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200 Year-Old Historic Home Gets Ready To Open In Sumner Co.

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200 Year-Old Historic Home Gets Ready To Open In Sumner Co.

CREATED Jul 7, 2014
by Adam Ghassemi

GALLATIN, Tenn. - The restoration of a historic home dating back more than two centuries is finally complete. Soon you'll be able to see the Douglass-Clark House for yourself.

The home sits along Long Hollow Pike at Station Camp Creek near the new Station Camp Greenway, but it was almost torn down when a subdivision started going up next door. Developers ended up donating the property to the county, which decided to save it.

The house's history dates back to the 1780s before Tennessee was a state. It's one of the first structures in Sumner County, and even served as the county courthouse for a short time.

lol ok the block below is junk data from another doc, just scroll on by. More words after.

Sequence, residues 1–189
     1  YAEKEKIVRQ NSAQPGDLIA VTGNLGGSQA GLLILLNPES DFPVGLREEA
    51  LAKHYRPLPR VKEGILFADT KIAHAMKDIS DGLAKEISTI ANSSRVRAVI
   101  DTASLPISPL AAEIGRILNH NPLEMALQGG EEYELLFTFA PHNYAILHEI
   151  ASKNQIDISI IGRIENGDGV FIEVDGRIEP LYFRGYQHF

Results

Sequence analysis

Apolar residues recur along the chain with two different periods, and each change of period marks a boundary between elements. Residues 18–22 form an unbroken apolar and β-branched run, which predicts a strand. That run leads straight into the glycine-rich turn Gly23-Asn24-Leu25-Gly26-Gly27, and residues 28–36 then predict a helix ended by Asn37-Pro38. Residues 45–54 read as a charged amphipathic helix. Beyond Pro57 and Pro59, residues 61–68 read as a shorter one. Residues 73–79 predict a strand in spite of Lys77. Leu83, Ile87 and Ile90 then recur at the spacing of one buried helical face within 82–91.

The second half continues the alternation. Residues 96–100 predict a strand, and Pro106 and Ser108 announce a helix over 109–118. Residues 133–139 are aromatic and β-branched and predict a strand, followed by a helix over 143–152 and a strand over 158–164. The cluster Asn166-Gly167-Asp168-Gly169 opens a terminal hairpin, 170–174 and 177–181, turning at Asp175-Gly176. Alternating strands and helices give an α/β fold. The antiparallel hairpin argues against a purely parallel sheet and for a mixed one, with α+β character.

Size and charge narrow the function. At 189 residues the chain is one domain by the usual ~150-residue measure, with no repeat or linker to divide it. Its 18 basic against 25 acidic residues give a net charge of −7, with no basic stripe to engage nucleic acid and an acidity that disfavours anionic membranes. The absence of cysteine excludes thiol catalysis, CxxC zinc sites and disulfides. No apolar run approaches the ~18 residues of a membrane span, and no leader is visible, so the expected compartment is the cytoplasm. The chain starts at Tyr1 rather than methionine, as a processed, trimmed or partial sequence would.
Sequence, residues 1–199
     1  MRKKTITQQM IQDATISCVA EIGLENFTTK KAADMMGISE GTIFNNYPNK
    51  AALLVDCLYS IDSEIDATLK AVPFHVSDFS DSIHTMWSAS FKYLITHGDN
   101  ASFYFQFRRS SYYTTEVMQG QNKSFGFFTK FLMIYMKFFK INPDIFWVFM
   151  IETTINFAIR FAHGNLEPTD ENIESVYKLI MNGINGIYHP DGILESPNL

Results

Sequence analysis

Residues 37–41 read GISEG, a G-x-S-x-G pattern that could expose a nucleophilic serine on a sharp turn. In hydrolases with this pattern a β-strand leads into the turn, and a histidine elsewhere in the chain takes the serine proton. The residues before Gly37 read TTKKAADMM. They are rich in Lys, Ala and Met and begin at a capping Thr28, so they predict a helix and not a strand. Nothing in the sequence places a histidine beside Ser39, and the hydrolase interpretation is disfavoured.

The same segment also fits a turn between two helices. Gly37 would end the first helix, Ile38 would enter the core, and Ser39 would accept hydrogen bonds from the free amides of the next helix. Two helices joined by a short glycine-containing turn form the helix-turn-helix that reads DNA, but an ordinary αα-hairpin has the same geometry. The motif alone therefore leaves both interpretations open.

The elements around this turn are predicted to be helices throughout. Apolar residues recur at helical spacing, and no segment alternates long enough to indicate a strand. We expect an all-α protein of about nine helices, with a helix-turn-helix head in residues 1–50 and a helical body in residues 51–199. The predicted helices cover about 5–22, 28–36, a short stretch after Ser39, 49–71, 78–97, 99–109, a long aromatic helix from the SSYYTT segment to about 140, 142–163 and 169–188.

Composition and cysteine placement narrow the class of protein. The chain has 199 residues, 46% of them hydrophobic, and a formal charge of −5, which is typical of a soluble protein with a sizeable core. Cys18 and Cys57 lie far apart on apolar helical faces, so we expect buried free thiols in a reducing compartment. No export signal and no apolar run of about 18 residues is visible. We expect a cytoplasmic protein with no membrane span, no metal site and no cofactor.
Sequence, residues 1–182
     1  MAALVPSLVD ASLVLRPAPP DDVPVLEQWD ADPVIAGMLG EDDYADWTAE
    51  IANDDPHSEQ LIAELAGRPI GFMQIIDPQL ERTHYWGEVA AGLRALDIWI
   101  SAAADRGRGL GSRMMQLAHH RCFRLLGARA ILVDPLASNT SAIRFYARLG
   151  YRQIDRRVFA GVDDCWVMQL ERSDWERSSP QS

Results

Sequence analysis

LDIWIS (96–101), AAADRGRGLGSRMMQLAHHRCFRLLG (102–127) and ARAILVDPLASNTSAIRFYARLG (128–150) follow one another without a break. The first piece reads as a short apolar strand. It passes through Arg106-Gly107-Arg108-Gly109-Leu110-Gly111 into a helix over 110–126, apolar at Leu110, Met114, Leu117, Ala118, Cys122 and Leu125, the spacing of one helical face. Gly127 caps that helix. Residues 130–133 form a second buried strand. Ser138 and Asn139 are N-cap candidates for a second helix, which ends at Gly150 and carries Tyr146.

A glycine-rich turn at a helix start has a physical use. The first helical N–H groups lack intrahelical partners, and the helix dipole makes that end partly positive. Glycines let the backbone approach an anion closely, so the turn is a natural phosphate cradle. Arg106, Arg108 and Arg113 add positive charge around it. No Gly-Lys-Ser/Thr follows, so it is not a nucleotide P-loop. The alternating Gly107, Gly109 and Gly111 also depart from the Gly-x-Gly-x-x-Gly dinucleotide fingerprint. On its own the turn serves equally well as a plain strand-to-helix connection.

“Nothing's really level, but man could they build a tank. You know,this thing has lasted," said Sumner Co. Executive Anthony Holt.

Holt says they jumped at the chance to save it. Surprisingly, the oldest logs are still in tact while the newer areas had to be completely redone. During the massive renovation crews found a number of artifacts and even messages etched into the wall by a visitor from the late 1890s.

Monday, actors were practicing a reenactment planned for July 21st where they will demonstrate some of the original court proceedings held at the home based off minutes found in county archives.

"So we're recreating one of those meetings that would have been held at the Douglass House at that time," said longtime historian and artist H. David Wright.

After the dedication the current Sumner County Commission will hold its meeting at the home for the first time since 1790.

"That hasn't occurred in 224 years. So history is going to renew itself," Holt said.

They paid for the $900,000 project through a TDOT Enhancement Grant and matching county funds. It's all in hopes the home will preserve a piece of Middle Tennessee history for generations to come.

"Hopefully it'll be here another 200 plus years," Holt said.

The dedication is set for 6 p.m. on July 21st. 

Work will soon begin to create a Civil War Interpretive Center inside to represent a number of surrounding counties. It should open later this year.

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